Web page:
Prior to trial, the Court granted in part and denied in part without prejudice Flint Hills' motion to preclude the admission of evidence regarding the post-transaction-financial performance of the PCBU. (R. 746-1, Order.) During the trial, BP Amoco argued that Ms. Bettius had opened the door to the admission of this evidence. While the Court permitted BP Amoco to cross examine Ms. Bettius regarding certain post-transaction profitability evidence to test certain assumptions she made in giving her opinions, it precluded BP Amoco from introducing substantive evidence of the post-sale profitability. (R. 840-1, Order.) As such, the jury was instructed on the limited use of this evidence. (R. 862-1, Order.) Flint Hills did not open the door to the admission of this evidence, and any probative value of the evidence was substantially outweighed by the risk of confusion and misleading the jury because, in part, the PCBU includes other revenue-generating assets outside the Joliet Plant. (Id.)
5. Contract Compliance -- Rule 30(b)(6) Witnesses
Finally, BP Amoco asserts that the Court should have admitted Glenn Personey's Rule 30(b)(6) deposition testimony regarding Flint Hills' belief that the condition-of-assets warranty was accurate at the time of the sale. In ruling, the Court found:
The Court previously addressed this issue at a pretrial conference in this case -- that prior ruling stands, and the Court sustains this objection pursuant to Rule 403. The question is misleading and any probative value is substantially outweighed by the danger of confusion and unfair prejudice. As BP has repeatedly argued in this case (and the Court has held multiple times) whether Flint Hills knew the representations were true or false at the time of the sale is irrelevant to the breach of contract claims in this case. Flint Hills has not opened the door to this testimony.
(R. 887-1, Order.) See Vigortone AG Prods., Inc. v. PM AG Prods., Inc., 316 F.3d 641, 649 (7th Cir. 2002). BP Amoco provides no basis to conclude that the Court abused its discretion in this ruling, or that the exclusion of one witness' deposition testimony during the course of a nine-week trial amounted to error.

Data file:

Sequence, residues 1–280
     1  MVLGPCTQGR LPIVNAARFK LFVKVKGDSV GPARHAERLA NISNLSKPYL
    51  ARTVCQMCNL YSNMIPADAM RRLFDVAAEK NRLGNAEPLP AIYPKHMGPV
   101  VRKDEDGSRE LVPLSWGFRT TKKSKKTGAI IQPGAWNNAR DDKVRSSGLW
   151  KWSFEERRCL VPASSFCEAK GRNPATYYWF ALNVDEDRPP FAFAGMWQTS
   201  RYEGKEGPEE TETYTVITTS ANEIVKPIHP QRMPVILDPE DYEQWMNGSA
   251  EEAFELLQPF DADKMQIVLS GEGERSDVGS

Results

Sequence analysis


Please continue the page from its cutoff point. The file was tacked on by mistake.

IV. The Declaratory Judgment Action
BP Amoco filed a separate motion to alter or amend judgment pursuant to Federal Rule of Civil Procedure 59(e) regarding its declaratory judgment claim. (R. 933-1, Motion.) Flint Hills argues that BP Amoco waived its right to pursue its declaratory judgment claim. The Court agrees, and therefore denies BP Amoco's motion to alter or amend the judgment on its declaratory judgment claim.
On October 13, 2005, BP Amoco filed an amended complaint against Flint Hills seeking a declaratory judgment that BP Amoco did not breach the PSA. Flint Hills then filed counterclaims against BP Amoco for breach of contract and fraud. Prior to trial, BP Amoco did not object to Flint Hills' motion to realign the parties for trial given that Flint Hills had the burden of proof on the substantive claims. (R. 480-1, Motion; R. 537-1, Response.) As noted above, the parties thereafter were realigned for trial such that Flint Hills was the plaintiff and BP Amoco was the defendant. (R. 539-1, Order.)
The parties filed their joint final pretrial order on July 22, 2009. (R. 696-1, Proposed Pretrial Order.) BP Amoco failed to specifically include any reference to its declaratory judgment claim in the final pretrial order. Significantly, BP Amoco also failed to include its declaratory judgment claim in its proposed jury instructions or proposed verdict form filed with the final pretrial order. (R. 696-8, Proposed Jury Instructions.) Instead, BP Amoco's proposed verdict form only included Flint Hills' claims against BP Amoco. (Id.) BP Amoco further failed to raise its declaratory judgment claim during the extensive proceedings in advance of trial. Additionally, BP Amoco never raised its declaratory judgment claim during the nine weeks of trial -- it did not mention the declaratory judgment action in its opening statement, during the presentation of evidence, during the closing arguments, or during the multiple jury instruction conferences.
Following the jury trial and based on the jury's verdict, the Court entered judgment on November 13, 2009, for Flint Hills on its breach of contract counterclaim and for BP Amoco on Flint Hills' fraud counterclaim. On November 30, 2009, when the parties came into court for presentment of BP Amoco's motion for judgment as a matter of law and for a new trial, counsel for BP Amoco raised the issue of the declaratory judgment action for the first time. (11/30/09 Tr. at 6-8.) Specifically, counsel noted that BP Amoco still had its declaratory judgment action, and "obviously, the result is dictated by the result on the jury verdict." (Id. at 6-7.) On December 11, 2009, after consultation with the parties, the Court dismissed BP Amoco's claim for declaratory judgment regarding Flint Hills' breach-of-contract claim in light of the jury's verdict. (R. 926-1, Order.) BP Amoco thereafter filed a separate motion for judgment as a matter of law and for a new trial on the declaratory judgment action. BP Amoco, however, has waived its right to proceed with its declaratory judgment action.